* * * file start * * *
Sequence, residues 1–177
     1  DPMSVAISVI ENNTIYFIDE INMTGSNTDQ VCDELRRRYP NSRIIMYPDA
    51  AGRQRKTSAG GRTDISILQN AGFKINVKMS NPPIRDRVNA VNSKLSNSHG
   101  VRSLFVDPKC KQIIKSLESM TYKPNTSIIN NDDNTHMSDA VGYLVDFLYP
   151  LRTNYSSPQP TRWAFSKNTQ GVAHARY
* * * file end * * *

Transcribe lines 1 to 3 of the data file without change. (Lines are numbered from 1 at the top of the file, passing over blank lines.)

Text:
Sequence, residues 1–177
     1  DPMSVAISVI ENNTIYFIDE INMTGSNTDQ VCDELRRRYP NSRIIMYPDA
    51  AGRQRKTSAG GRTDISILQN AGFKINVKMS NPPIRDRVNA VNSKLSNSHG